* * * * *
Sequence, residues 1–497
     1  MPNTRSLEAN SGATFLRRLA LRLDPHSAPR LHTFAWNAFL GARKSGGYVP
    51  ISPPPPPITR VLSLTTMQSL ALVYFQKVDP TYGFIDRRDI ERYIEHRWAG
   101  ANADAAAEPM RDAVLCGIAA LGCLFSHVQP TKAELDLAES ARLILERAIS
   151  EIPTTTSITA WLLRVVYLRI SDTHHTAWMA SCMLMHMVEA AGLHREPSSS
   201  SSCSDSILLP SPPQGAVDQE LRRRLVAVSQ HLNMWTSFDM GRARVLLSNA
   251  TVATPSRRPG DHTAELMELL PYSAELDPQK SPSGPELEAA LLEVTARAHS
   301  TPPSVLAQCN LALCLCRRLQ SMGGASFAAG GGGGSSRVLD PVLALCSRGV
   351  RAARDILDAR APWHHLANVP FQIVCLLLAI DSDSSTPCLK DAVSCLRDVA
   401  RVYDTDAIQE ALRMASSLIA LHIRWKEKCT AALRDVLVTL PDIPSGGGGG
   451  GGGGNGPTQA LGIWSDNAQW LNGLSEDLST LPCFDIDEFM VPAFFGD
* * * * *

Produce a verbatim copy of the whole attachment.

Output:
Sequence, residues 1–497
     1  MPNTRSLEAN SGATFLRRLA LRLDPHSAPR LHTFAWNAFL GARKSGGYVP
    51  ISPPPPPITR VLSLTTMQSL ALVYFQKVDP TYGFIDRRDI ERYIEHRWAG
   101  ANADAAAEPM RDAVLCGIAA LGCLFSHVQP TKAELDLAES ARLILERAIS
   151  EIPTTTSITA WLLRVVYLRI SDTHHTAWMA SCMLMHMVEA AGLHREPSSS
   201  SSCSDSILLP SPPQGAVDQE LRRRLVAVSQ HLNMWTSFDM GRARVLLSNA
   251  TVATPSRRPG DHTAELMELL PYSAELDPQK SPSGPELEAA LLEVTARAHS
   301  TPPSVLAQCN LALCLCRRLQ SMGGASFAAG GGGGSSRVLD PVLALCSRGV
   351  RAARDILDAR APWHHLANVP FQIVCLLLAI DSDSSTPCLK DAVSCLRDVA
   401  RVYDTDAIQE ALRMASSLIA LHIRWKEKCT AALRDVLVTL PDIPSGGGGG
   451  GGGGNGPTQA LGIWSDNAQW LNGLSEDLST LPCFDIDEFM VPAFFGD